INTERRUPT APPROPRIATELY 5.19
Goal: To improve social-relationship skills
Objective: The student will demonstrate interrupting appropriately.
1. Think about what you need to say.
2. Decide if the message is important or whether it can wait.
3. Decide how to get the person's attention.
a) raise hand
b) say "Excuse me" and/or the person's name
c) touch the person
d) stand by the person
4. Wait for acknowledgement (verbal or nonverbal).
5. Say what you have to say.
Definition: Interrupting is to break in and talk while another is speaking. There are appropriate times and ways to do this.
Rationale: You interrupt for the following reasons:
4. Join conversation or activity
5. Ask for help
• Discuss appropriate ways of gaining attention.
• Discuss how emergencies should be handled differently.
• Discuss results of inappropriate interruptions.
Set the Stage:
• Arrange for another individual to interrupt class activities. Teacher interrupts group activity to begin lesson.
Model/Role-play with Feedback
• Teacher models appropriate ways of interrupting others.
• Videotape role-playing activities and evaluate performance using rating sheet. (Deckert and et al, 1989 p. 94)
• If a child needs help interrupting, the teacher can give eye contact at the appropriate time. If this is not enough, she can use scaffolding strategies to assist the child such as prompts, questions, adding new information, or using gestures or pantomime. For children who are able to generalize situations, puppetry could be used as a way to model the process.
Role play situations:
• You have to ask a question about the homework assignment. The teacher is talking with another teacher.
• Your mom is on the phone. You have to tell her you're leaving and when you'll be back.
• You're at a dance. Your boyfriend/girlfriend is talking to a friend. You want to dance to the song playing.
• Teacher has two students talking, teacher interrupts students using the process steps.
• You interrupt teacher during small group lesson for help, to use bathroom, or for direction.
• You have to deliver a message to a teacher who is giving a lecture.
• Your parents are talking and you ask to go to a friend's house.
• You approach your gym teacher to request equipment.
• Your parents are conversing, and you want to ask permission to go to a concert.
• You want to use the phone; your brother or sister is using it.
• You need to ask for a ride home from ballgame.
• You interrupt two clerks in a store to ask for help.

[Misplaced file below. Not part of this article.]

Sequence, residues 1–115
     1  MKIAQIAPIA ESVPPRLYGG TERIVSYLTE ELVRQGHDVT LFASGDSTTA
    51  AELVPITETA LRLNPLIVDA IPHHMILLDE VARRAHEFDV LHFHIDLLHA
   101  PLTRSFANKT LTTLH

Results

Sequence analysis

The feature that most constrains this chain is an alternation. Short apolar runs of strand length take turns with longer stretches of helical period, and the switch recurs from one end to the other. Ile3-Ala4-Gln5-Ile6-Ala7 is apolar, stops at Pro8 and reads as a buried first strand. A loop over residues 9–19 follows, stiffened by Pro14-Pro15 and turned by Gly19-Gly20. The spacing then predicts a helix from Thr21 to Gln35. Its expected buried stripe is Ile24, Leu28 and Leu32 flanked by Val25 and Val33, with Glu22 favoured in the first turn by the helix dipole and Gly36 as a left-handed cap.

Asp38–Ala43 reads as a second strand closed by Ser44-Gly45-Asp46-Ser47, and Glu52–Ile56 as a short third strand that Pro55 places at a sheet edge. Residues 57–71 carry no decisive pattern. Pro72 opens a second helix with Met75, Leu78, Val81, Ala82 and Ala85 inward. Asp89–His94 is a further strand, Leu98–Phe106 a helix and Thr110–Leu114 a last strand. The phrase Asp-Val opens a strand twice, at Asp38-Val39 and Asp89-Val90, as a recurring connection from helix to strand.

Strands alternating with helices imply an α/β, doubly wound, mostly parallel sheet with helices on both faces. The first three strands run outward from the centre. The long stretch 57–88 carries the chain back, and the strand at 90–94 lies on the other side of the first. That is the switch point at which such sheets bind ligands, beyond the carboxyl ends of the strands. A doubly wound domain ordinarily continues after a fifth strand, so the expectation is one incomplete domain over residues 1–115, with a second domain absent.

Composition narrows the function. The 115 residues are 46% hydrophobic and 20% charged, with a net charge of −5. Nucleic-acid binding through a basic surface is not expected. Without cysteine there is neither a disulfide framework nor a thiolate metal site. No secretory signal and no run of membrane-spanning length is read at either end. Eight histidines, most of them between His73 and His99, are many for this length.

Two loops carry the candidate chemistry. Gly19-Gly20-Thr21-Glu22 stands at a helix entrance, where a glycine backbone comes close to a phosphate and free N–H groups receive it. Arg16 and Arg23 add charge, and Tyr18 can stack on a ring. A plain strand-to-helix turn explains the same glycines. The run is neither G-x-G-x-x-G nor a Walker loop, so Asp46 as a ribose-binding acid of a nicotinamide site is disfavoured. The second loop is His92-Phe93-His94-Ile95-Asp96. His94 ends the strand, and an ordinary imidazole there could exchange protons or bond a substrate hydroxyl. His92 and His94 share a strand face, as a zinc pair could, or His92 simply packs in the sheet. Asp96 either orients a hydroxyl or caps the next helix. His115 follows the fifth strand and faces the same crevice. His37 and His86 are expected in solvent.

• The daily announcements are being read over the intercom. The class is pretty noisy and you didn't hear where you are supposed to order your class ring, but the announcements aren't over yet. (Walker and et al, 1988 p.71 Access)
• The buses are on a special holiday schedule. The clerk at the convenience store has a schedule, but there is a long line of customers he is waiting on. You are in a hurry. (Walker and et al, 1988 p. 71 Access)
• You are in a hurry and you want to buy the shirt you have picked out. The sales clerk is talking to another adult. (Walker and et al, 1988 p. 71 Access)
• You see a woman for whom you work mowing lawns talking to several people in the mall. You want to remind her that her lawn may need mowing this week. (Walker and et al, 1988 p. 71 Access)
• You need permission to use your dad's woodworking tools for a project you're real excited about getting completed. Your dad is busy working on an important project he needs to get finished for work tomorrow. (Walker and et al, 1988 p.71 Access).
• Your social studies class just watched a film about local government and is preparing to take a quiz on it. You didn't understand some of the terms. (Walker and et al, 1988 p. 71 Access)
Application with Feedback
• Set up situations where you give a confusing assignment and then you turn to talk to someone. Observe to see how students interrupt.
• Monitor daily interruptions students make.
• Class members use checklists to evaluate steps displayed.
• Students write or dictate scripts.
• Student carries checklist around and staff initials it when the student interrupts appropriately.
• Arrange for student to take a message to another classroom, office, or teacher. Observe to check if student follows process steps, or check with recipient of message for feedback.